Sunday, April 08, 2007

Dawkins - Gene as Demigod

I have received much criticism from forum debaters and blog commenters when arguing science that, "I am out of my league." The idea seems to be that their vastly superior scholarship in the sciences, particularly biology, rend my arguments sophomoric at least. Therefore, I was most pleased to receive a birthday gift from an unexpected source a few weeks ago. Bernardo sent me a copy of Dawkin's, "The Selfish Gene."

The book has been praised by many for being lively and compelling. I am a voracious reader, and my wife will tell you that I almost never fail to complete a book, even if I'm not very impressed. With "Gene" I was pretty excited for about 4 chapters, but had to force myself to continue on, commonly falling asleep mid-sentence.

As I read and reread certain sections, I kept trying to fully form the impression that I was taking out of this work. After completing the book, I Googled reviews and criticisms to see if I could get my arms around my sense of the book. To my surprise I found that my feelings were shared by none other than Stephen Jay Gould. In this essay, John Alcock put it nicely:

Rejecting the usefulness or even coherency of the selfish gene concept, Gould and Lewontin have proposed that the adaptationist programme and sociobiology generates little more than untestable and unfalsifiable speculations about the origins of organismal adaptations, which after Rudyard Kipling’s tale of how the elephant got its trunk they have labelled Just So stories. If this charge where true, then sociobiology would indeed be the pseudo-scientific discipline its critics claim it is.


It seemed to me that Dawkins, having rejected the Biblical God, needed to find some way to explain the complexity and apparent design all around us, in particular within living creatures. He decided the the gene was the creator of complexity by virtue of its desire to self-replicate, and because from time-to-time the self-replication mechanism creates bad copies. The bad copies, under this theory, sometimes were more successful than their producers, thus they became the more dominant replicators, sometimes causing the extinction of the parent gene.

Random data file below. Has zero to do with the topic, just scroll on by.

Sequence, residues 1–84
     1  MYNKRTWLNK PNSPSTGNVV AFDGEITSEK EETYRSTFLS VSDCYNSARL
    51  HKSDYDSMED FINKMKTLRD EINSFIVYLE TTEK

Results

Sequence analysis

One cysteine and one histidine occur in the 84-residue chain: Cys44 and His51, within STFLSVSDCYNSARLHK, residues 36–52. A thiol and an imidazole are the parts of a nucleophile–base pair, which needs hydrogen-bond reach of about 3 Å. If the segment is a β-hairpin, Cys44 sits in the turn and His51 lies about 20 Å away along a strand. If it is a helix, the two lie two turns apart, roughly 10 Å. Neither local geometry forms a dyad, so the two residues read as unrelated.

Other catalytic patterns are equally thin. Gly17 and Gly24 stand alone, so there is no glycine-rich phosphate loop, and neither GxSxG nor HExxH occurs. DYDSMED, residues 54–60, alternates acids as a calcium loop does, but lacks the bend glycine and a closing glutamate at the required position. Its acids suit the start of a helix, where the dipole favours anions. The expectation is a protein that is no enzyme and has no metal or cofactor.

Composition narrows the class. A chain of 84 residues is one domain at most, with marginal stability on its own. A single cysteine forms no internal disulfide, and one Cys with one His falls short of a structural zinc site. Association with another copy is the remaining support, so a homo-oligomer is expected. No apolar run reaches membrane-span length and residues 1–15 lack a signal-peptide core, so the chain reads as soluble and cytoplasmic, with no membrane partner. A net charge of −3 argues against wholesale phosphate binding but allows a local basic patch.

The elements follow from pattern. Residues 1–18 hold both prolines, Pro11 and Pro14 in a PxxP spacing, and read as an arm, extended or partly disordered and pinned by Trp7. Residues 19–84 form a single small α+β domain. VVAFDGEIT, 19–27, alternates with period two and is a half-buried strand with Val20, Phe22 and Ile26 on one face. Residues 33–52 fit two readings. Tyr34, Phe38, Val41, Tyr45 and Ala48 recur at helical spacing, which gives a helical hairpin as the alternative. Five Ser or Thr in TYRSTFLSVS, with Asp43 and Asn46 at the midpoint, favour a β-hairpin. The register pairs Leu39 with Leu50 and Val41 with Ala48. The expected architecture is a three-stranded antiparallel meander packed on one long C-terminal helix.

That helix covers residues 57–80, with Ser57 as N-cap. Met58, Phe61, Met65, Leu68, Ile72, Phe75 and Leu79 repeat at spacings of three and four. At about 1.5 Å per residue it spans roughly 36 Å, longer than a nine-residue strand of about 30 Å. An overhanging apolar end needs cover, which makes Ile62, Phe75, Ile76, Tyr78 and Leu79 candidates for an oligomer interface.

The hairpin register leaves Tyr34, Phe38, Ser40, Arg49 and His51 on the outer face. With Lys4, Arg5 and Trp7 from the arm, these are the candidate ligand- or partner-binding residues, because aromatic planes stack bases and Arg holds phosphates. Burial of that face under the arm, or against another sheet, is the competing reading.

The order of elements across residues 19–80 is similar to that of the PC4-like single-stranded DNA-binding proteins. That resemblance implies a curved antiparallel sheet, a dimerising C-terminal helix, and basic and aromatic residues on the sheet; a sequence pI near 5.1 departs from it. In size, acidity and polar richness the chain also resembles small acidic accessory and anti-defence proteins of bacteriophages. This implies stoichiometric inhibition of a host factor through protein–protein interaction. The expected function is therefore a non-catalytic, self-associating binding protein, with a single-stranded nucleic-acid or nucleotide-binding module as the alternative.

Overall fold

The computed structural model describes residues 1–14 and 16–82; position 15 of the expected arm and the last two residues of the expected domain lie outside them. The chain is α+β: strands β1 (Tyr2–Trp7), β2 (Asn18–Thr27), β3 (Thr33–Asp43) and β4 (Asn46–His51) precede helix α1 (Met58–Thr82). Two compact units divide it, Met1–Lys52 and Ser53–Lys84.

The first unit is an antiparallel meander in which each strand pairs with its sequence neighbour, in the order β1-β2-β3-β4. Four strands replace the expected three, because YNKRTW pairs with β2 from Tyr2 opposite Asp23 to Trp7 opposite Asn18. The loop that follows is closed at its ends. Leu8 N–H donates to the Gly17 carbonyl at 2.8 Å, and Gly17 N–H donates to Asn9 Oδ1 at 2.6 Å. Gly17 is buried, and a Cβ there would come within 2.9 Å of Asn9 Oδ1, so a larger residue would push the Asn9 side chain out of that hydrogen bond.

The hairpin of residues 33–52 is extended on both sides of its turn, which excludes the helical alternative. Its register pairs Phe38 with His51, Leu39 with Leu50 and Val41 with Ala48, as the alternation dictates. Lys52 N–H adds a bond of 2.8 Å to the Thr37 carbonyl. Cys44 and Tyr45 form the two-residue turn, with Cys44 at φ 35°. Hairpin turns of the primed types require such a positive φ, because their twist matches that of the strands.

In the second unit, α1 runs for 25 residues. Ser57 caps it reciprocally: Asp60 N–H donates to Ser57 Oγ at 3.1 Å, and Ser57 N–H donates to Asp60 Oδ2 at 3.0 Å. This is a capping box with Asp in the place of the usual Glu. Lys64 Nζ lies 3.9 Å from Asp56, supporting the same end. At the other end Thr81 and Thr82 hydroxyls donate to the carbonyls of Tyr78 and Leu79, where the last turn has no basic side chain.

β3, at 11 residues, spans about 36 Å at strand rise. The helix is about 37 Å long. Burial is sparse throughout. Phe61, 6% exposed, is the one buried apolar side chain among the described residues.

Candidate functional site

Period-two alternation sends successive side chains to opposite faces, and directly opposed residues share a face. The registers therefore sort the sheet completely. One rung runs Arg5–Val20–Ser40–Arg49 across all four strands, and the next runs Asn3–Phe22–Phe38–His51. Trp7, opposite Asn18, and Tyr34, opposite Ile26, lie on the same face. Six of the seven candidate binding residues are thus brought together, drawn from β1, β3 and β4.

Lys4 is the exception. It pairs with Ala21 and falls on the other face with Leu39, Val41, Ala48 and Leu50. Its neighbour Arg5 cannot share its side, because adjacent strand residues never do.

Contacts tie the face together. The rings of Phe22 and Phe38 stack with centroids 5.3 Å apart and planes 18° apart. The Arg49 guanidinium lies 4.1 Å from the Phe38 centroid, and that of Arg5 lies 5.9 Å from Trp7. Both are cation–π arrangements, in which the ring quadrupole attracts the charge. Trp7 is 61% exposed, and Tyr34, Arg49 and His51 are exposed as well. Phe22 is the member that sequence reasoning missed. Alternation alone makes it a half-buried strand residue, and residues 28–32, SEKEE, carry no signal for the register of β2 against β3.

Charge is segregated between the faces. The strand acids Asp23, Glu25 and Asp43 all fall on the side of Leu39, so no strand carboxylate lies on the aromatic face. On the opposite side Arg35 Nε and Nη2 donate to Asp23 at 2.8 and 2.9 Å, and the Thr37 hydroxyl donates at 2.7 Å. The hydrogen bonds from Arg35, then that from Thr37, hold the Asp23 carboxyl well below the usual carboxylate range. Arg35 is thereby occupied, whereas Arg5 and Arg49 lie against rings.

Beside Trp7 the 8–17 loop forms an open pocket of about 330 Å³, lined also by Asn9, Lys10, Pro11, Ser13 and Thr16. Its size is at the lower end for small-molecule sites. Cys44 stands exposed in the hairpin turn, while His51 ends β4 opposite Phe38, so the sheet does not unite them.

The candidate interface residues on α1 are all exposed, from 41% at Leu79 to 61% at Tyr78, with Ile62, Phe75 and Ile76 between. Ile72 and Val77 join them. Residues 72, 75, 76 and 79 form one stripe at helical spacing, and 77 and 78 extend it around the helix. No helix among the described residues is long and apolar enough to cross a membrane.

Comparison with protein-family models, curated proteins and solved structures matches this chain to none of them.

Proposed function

Some scientists believe that the Dawkins approach is simpler than Goddidit. The constant bouncing by Dawkins from examples in nature to "it could have happened this way," to analogies requiring genes to have self awareness and intent, made it absolutely impossible to be believed. I can understand how some, like Dawkins, who are predisposed to naturalism would find this idea compelling. I am not surprised that some, like Gould, have found this approach to be "just so stories."

22 comments:

Anonymous said...

"It seemed to me that Dawkins, having rejected the Biblical God, needed to find some way to explain the complexity and apparent design all around us, in particular within living creatures."

That is NOT at all the way we would phrase it.

We do not "reject" the biblical god... we simply don't find any reason to believe in it, much like you don't believe in any of the other thousands of gods which are worshipped around the world.

When it comes to life, we not only are looking to explain the complexity, but also the lack of complexity in some animals.

Also, we tend to not really see design because, if we did, we would view it as very bad design (such as the infamous human eyeball).

"Some scientists believe that the Dawkins approach is simpler than Goddidit."

It's not that his approach is simpler, but that his approach is better than goddidit, because "goddidit" tells us nothing about how it actually happened, unless you know something that we don't.

Kit

Randy Kirk said...

You don't reject the Biblical God. Most serious atheists that I have spoken with were Christian's once-upon-a-time, and describe their current belief system exactly as having rejected what they had once believed. For those who have never been Christian or Jewish, etc., or believed even for a day that the God of the Bible exists, then I suppose there is a chance that you would describe them as not having enough reason to believe.

Dawkins goes out of his way to say in this book and elsewhere that he reject the Biblical idea of God, and now even asserts that those who follow Him are potentially dangerous.

I can't imagine that any follower of Dawkins, Gould, or Darwin would find existing design to be "bad." They might sugget that improvements could be made, as with all things. But to offer up that millions of years of directed selection has produced only or substantially only poor design??

Goddidit tells us exactly the same things that Dawkins says about Genes. The Genes created survival machines to provide a method for self-replication. God created organisms for the various purposes that He states. Included in those purposes would be reproduction.

Anonymous said...

Kit,
About all the different gods you accept. Which god do you find most interesting?
In regard to the god of the Bible Do you accept that Jesus was a real person on earth according to
other histoorical records other than the Bible?

Kathy

Anonymous said...